pete... I actually do cut off the ball joint on the wing bone. I reference where the wings and legs attach to the body and mark that spot on the form to attach them at that point to make it as close as possible. I will look more into bird anatomy though to figure out what you are talking about. I know I lack knowledge in the area as a whole.

I think the last one I did though (the pintail) came out pretty good though, but I guess not. oh well. with more time and practice will come better work.

speaking of which... attached is a photo of my 5th bird (speck). how does this one look. I think it came out pretty good personally. the pose was kinda hard to figure out. they are so (or this one anyway) big it was difficult to come up with the pose exactly as I wanted it. overall, I am happy with it. I will paint it next week and I might try injecting the feet for the first time.

at what time after mounting do you guys inject the feet. one week after, two, three?
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Re: my first four birds

Postby Pete-pec » Fri Jan 10, 2014 8:23 am

OK Kyle, you took that pretty good. I know how it can leave a sour taste in your mouth when you hear the negativity, especially when you might be pleased with the outcome. Again, this is only to help you. We don't give two schitz how your work looks. We all started at the bottom, so rest assured, we are not judging your intellect based on your artistic talent. That basically means, that we are here to help. Soak in as much as you can, each and every time you ask for a critique, and in turn get one. You are a far braver man than me. I don't ask for them, and my work certainly lags because of it. I do know where my deficiencies are, and I'm stubbornly trying to work through them on my own. My mentors are those in the business who do great work, carry themselves professionally, and are willing to share. What that means is, I have very few mentors, because the unfortunate side of this business, is there is some ugliness. Very few people carry all three traits. If you come across one of those guys, be thankful lol! I have one of those traits, because I'm willing to help. I'm a hack as a taxidermist, and i certainly don't carry myself professionally lol.

So, I wanted to take a few minutes and reply to some of your comments. Most of us who work on birds spend a lot of time looking at birds, so yes, we do know that birds in motion can do some crazy stuff. Tough to mimic? For sure! Impossible? No. That's why a few reference pictures are good. Walking away from a mount in progress that falls short is not the answer. Now mind you, there is no one mimicking what nature does so perfectly. I believe that is the ultimate goal, and likewise the ultimate compliment, when someone says to you…."I can see that bird doing that as it comes into the decoys." So take your time, and study some anatomy like I suggested in the previous post. A plucked duck is a perfect reference.

What Brian was suggesting about the wings past the shoulders, is the way you have the leading edge (coverts) past the ball where the humerus sits on a bird in flight. This is the "Z" I was talking about. If you look at a plucked duck, you will see.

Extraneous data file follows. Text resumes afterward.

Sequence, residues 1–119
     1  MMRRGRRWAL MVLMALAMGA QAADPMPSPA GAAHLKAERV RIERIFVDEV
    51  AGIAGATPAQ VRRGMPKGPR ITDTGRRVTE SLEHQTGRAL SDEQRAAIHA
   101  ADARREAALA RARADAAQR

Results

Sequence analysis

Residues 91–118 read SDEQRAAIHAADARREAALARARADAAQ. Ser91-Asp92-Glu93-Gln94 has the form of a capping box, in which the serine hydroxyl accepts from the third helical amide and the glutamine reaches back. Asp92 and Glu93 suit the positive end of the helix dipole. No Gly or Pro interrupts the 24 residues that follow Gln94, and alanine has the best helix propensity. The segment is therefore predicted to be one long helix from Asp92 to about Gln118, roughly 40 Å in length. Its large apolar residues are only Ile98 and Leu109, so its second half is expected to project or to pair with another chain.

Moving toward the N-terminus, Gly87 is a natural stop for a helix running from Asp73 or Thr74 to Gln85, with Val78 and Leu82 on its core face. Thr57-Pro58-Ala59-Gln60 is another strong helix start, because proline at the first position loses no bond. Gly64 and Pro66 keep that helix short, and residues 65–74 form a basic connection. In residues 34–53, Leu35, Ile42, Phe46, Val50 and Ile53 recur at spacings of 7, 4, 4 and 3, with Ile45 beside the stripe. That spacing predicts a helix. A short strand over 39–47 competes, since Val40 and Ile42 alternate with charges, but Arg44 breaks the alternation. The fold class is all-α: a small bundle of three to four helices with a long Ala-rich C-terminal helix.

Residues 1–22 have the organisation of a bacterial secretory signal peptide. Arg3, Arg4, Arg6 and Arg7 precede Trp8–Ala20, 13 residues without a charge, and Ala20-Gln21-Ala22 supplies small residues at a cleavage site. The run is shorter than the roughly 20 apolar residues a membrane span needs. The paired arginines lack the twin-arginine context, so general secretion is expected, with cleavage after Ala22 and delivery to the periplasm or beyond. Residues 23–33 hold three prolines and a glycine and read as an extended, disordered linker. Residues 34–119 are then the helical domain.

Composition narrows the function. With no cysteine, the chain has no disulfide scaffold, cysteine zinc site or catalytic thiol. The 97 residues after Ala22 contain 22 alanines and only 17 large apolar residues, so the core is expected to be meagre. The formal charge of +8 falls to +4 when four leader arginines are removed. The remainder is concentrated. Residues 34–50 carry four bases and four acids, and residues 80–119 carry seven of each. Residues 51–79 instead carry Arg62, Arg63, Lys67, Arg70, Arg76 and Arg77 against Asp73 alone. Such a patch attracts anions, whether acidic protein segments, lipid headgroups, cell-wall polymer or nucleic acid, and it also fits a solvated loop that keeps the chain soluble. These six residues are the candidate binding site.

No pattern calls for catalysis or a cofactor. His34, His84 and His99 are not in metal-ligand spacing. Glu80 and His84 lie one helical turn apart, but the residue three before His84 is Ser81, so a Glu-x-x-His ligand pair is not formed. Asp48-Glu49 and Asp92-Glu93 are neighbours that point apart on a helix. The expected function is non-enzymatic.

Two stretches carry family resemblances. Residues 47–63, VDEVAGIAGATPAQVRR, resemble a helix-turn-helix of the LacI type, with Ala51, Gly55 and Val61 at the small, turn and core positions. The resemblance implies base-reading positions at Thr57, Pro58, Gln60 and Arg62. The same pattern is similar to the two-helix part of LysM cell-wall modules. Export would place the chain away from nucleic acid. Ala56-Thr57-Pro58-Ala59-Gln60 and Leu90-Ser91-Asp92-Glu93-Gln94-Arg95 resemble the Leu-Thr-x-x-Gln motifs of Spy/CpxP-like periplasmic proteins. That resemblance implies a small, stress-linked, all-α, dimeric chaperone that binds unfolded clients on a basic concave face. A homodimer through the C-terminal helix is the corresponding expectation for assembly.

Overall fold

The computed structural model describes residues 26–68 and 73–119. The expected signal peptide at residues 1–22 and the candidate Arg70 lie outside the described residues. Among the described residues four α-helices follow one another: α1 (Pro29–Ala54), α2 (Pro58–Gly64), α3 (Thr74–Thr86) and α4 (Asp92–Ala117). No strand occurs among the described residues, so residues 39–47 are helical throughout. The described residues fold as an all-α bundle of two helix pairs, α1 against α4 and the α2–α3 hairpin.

So If you are indeed cutting off the ball of the humerus, you are definitely extending the wing bones to straight away from the duck. I know this, because your shoulder to wrist portion f our birds in flight is far to long of a stretch. That's why it looks stretched on most of the ducks. Again, that "Z" takes care of a lot of tat, and lets you achieve that wing in flight, that I think you see in your head, but are coming up short on your birds. It might be the way you wire, and if you let us know, we might have a suggestion or two on that as well?

So You asked about the white-fronted goose. The wings actually look better, but again, they are too far away from the body. The secondaries should be closer to the side of the goose's body. I like the body and the feet position, the tail, but the head and neck look awkward. If we had a reference pic of the bird you were copying, we could give you a suggestion while the bird is still drying.

The funny thing is, I just mounted a Ross' that was a similar pose, so let me post a picture of the reference, and my rendition. I have since tweaked with the bird. I struggled immensely with this bird due to dehydration in the skin (thawed out the freezer, and this bird lost a lot of water during that process). Both wings were shattered to the wrist, so I had to improvise with wire recreating the bones that were absolutely gone, therefore I had an exterior wire that I will have to clip off and try to hide later after completely drying. I went through a great deal of trouble, only because this is a Wisconsin Ross', which are very rare here. Look at the reference picture more than my mount. I had to take some liberties due to the bird's condition, and the picture I give of my bird is from a slightly different angle. The thing I want to point out is where the wings are, and what the neck is doing…..none of which are perfect on mine, but this is one of those examples that you were talking about, when a bird can do some stuff that is hard to mimic. I didn't nail the pose, but my ten year old daughter said it looked like a "duck" landing with a flock. That was good enough for me. :thumbsup: